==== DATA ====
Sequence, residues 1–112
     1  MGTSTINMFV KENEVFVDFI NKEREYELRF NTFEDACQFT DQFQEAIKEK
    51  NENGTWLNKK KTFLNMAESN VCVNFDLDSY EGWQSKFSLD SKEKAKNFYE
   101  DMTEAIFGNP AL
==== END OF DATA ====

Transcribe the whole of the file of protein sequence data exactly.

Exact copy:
Sequence, residues 1–112
     1  MGTSTINMFV KENEVFVDFI NKEREYELRF NTFEDACQFT DQFQEAIKEK
    51  NENGTWLNKK KTFLNMAESN VCVNFDLDSY EGWQSKFSLD SKEKAKNFYE
   101  DMTEAIFGNP AL